Reflections on a Failed Democratic RevolutionBerniecrats, I know how you are feeling. I know how much that gut punch hurt. I know what it’s like to be convinced you’re about to upend the political order, only to be brutally informed on an election night that the rest of your own party doesn’t share your plans.How could I—a hack political pundit from the corporate media, who has been droning on for months about how the Democratic Party is more moderate than you think—be so empathetic to your plight?Because 16 years ago, at the spry age of 31, I was a wide-eyed liberal blogger who felt that my scribbles on LiberalOasis.com were playing a small part in changing American politics, only to find my mouth agape at the shellacking that my antiwar, anti-Democratic establishment candidate, Howard Dean, took in the Iowa caucuses.The Deaniac left recovered from that disorienting night. We stayed in…


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The Atlantic Politics Daily: The Other Way American Cities Will Suffer

The Atlantic Politics Daily: The Other Way American Cities Will SufferIt’s Wednesday, April 1. Nevada and Florida announced stay-at-home guidelines today, with the White House now projecting anywhere from 100,000 to 240,000 deaths from COVID-19 in the U.S., even with social distancing and mitigation efforts.In today’s newsletter: How American cities will suffer, even with a $2-trillion dollar federal relief plan. Plus: Why everyone is confused about the effectiveness of wearing face masks outside.*« TODAY IN POLITICS »(Getty Images / The Atlantic)How will cities avoid bankruptcy?Major cities such as New Orleans, New York, and Los Angeles are already stretched thin to mitigate the COVID-19 public health catastrophe. Medical professionals continue to warn about personal protective equipment shortages, ventilator shortages, even medical workforce shortages. Large cities are redirecting financial resources to prepare for a surge of hospitalizations.The threat of a devastating economic recession—and the memory of the 2009 financial crash—looms over smaller…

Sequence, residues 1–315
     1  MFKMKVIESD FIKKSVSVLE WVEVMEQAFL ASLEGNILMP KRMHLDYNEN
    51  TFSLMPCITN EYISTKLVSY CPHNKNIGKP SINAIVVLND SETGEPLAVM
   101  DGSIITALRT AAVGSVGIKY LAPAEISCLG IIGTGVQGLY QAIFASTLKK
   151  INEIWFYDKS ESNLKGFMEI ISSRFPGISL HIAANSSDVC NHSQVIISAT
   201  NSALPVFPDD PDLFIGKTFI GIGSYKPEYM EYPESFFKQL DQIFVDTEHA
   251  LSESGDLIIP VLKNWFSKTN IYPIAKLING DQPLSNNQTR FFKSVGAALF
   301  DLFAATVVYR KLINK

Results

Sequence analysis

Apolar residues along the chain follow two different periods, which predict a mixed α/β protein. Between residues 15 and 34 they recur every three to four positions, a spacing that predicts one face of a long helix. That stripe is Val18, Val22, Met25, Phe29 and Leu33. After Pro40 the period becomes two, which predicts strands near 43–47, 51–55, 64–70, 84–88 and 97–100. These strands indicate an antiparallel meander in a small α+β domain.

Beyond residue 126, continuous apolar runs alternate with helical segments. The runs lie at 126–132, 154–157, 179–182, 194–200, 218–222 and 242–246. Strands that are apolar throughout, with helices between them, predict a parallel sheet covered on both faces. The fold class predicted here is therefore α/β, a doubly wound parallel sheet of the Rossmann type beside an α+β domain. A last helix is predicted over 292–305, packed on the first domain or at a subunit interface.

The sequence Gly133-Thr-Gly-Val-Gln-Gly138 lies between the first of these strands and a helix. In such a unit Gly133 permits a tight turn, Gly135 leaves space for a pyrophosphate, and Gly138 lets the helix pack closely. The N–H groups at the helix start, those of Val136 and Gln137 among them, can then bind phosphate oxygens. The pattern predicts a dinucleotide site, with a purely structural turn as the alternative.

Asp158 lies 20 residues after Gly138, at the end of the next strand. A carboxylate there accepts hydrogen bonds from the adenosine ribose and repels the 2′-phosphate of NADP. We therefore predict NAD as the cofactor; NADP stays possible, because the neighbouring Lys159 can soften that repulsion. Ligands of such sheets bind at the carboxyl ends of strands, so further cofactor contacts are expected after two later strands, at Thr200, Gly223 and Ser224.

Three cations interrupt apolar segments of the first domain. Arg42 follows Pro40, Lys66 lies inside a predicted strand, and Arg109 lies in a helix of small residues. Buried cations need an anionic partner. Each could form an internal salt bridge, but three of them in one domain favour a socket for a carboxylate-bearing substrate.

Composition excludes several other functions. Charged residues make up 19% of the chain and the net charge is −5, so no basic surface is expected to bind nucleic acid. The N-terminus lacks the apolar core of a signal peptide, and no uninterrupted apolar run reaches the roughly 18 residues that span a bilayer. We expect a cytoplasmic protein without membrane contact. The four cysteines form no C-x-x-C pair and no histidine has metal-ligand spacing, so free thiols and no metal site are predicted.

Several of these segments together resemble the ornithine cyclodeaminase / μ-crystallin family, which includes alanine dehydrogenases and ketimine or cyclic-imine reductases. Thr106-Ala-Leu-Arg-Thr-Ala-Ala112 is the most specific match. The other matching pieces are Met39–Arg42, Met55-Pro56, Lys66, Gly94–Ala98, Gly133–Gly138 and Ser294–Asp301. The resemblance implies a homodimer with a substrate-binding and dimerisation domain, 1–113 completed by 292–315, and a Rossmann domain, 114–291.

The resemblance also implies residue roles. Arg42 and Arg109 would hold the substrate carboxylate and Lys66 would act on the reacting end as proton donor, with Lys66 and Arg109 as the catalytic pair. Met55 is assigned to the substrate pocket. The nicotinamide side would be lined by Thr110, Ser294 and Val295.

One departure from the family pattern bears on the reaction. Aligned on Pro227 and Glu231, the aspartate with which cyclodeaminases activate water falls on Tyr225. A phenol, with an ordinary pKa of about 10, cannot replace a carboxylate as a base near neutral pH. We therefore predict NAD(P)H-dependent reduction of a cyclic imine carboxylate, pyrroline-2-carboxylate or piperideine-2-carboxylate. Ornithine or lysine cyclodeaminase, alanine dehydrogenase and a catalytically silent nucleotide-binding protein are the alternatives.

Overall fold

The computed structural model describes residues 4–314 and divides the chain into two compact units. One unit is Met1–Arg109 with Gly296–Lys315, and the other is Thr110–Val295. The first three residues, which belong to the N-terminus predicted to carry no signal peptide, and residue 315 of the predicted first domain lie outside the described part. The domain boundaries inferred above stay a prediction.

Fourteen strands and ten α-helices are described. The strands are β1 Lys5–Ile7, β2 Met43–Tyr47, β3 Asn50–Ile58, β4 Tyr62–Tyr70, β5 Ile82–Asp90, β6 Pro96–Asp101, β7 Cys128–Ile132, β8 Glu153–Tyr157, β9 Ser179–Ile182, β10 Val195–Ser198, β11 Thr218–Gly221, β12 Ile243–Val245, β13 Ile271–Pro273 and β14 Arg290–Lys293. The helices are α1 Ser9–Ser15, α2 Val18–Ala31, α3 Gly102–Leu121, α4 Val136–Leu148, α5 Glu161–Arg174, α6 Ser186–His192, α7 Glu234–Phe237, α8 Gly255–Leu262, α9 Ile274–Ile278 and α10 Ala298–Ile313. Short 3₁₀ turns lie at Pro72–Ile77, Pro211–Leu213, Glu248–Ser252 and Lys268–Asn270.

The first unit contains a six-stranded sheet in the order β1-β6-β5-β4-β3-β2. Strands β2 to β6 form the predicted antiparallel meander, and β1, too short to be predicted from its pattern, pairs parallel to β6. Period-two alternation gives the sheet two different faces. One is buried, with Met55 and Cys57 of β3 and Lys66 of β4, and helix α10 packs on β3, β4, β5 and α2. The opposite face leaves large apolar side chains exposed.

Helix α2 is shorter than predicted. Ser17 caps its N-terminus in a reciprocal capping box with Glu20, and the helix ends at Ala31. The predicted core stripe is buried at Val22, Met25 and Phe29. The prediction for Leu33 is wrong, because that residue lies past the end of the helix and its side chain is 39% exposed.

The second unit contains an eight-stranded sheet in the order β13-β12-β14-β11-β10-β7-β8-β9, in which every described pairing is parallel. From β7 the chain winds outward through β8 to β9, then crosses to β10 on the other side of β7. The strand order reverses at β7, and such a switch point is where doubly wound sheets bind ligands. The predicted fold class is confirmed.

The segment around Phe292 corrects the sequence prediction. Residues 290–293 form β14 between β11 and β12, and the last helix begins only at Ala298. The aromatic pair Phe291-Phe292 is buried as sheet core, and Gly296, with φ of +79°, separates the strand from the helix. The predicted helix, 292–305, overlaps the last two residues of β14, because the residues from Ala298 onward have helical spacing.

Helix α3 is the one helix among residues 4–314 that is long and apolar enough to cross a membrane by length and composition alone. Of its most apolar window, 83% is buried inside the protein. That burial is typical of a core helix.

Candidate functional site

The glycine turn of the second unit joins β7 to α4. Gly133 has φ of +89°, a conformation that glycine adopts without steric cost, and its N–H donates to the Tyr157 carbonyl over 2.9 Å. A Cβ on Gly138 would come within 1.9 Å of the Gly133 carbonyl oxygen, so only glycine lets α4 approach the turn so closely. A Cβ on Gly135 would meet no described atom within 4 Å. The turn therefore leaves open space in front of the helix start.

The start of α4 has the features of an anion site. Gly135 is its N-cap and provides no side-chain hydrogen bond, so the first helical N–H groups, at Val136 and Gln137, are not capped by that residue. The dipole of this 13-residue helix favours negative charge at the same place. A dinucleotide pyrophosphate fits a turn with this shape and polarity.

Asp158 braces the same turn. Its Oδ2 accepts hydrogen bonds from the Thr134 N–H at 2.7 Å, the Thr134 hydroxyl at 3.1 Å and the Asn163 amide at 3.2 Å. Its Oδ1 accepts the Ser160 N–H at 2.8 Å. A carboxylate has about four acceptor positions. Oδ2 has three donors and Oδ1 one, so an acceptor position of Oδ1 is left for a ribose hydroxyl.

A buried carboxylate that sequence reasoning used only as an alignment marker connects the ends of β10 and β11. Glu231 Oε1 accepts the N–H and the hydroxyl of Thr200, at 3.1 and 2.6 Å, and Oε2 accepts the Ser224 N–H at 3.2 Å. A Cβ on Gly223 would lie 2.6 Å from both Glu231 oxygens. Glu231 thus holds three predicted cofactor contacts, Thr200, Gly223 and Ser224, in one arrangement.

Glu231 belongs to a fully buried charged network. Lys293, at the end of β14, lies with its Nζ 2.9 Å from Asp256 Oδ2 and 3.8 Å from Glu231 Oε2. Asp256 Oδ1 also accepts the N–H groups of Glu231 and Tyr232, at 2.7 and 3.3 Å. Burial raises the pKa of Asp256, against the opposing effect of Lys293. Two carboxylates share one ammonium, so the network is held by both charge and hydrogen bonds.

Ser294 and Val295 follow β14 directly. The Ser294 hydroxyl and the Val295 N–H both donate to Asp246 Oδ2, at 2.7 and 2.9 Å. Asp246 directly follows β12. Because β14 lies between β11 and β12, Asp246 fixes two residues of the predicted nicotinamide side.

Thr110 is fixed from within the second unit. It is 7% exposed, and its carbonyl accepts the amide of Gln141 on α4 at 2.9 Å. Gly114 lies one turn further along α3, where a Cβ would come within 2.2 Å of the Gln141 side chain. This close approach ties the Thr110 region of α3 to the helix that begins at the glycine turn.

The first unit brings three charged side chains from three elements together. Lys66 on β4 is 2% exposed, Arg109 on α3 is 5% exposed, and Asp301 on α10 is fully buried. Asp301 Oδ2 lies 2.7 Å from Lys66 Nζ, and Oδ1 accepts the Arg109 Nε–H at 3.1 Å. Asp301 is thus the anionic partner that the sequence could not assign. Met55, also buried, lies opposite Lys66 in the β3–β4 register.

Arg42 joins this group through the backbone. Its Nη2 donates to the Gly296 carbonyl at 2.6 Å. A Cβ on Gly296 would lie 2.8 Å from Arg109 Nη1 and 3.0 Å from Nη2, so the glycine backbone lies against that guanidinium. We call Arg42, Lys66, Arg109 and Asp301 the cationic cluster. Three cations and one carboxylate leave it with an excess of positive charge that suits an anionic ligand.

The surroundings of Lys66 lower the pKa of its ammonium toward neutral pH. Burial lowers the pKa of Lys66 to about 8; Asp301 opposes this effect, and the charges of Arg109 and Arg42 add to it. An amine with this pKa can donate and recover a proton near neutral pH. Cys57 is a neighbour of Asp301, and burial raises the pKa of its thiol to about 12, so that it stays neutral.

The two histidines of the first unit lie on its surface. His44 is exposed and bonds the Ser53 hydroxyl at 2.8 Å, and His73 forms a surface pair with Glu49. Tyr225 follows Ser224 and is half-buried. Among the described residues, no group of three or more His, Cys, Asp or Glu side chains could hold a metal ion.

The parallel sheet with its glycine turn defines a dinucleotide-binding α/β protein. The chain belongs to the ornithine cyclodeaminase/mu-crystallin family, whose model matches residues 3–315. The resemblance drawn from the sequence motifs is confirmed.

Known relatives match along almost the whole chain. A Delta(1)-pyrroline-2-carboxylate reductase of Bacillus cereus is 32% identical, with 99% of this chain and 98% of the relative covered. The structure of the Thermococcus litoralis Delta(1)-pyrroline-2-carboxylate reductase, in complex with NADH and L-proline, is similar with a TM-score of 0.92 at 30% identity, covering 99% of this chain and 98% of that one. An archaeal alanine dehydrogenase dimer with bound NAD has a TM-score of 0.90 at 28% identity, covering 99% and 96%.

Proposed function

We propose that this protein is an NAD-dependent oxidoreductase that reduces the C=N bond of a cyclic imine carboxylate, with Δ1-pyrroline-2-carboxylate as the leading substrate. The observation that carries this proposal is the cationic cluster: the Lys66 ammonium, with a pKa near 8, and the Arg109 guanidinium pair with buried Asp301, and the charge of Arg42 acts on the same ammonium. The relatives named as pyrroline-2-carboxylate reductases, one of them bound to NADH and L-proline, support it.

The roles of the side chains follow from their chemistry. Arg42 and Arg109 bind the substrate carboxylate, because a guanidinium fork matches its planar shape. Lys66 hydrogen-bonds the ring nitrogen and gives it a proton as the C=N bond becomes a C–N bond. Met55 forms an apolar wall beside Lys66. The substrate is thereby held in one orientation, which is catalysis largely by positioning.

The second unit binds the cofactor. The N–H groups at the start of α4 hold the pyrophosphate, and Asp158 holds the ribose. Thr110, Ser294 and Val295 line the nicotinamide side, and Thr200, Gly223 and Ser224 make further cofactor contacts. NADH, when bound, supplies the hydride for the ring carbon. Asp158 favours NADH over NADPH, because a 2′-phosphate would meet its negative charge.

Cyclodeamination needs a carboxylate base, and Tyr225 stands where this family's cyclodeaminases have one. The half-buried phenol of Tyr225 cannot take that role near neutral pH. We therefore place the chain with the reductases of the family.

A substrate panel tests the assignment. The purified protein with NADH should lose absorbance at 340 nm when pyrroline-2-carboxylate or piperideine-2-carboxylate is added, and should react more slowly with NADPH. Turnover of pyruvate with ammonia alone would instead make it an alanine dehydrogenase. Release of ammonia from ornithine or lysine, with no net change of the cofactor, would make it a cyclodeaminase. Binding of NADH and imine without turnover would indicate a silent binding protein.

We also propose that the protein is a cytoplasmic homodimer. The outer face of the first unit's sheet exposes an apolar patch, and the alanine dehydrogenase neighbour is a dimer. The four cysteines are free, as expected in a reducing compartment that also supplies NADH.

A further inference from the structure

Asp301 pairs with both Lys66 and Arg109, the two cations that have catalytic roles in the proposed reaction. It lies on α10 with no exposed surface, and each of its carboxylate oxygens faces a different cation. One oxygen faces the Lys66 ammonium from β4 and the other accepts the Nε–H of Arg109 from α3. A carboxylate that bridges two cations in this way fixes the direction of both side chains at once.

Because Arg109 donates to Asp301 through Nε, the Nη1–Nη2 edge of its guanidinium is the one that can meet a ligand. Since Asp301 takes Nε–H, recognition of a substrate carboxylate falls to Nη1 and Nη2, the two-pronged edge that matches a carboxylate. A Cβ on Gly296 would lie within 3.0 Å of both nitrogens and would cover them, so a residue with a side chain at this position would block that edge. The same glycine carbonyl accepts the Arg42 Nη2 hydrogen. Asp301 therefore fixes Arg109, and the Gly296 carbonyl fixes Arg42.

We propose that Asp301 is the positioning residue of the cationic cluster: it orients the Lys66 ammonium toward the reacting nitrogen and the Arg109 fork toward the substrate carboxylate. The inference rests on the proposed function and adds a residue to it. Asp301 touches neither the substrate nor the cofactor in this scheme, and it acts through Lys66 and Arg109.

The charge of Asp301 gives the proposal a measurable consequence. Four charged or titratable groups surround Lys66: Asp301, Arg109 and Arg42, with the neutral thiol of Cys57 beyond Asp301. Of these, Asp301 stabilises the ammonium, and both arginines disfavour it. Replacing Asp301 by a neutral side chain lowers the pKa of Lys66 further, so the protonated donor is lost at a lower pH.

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‘This Town’ Faces a Lockdown

‘This Town’ Faces a LockdownBook parties and air kisses, furrowed brows and panel discussions: Many of the rhythms of daily life in the nation’s capital are about creating, if not the reality, then at least the illusion of social intimacy.How is Washington dealing with a moment—perhaps a very long time—when the new catchphrase is social distancing?So far, the city’s biggest patterns haven’t been disrupted: Congress is still in session. The federal government has not, as of yet, told most of its employees to stop coming to the office. The White House is still conducting business as usual, despite Trump’s dramatic decision Wednesday night to block travelers from Europe.But the anxiety gripping the rest of the country is percolating through the city—touching its workers, its children, its parents. And, one VIP reception at a time, it‘s even hitting the circles of political and media elites who’ve spent their careers assuming the word “nonessential”…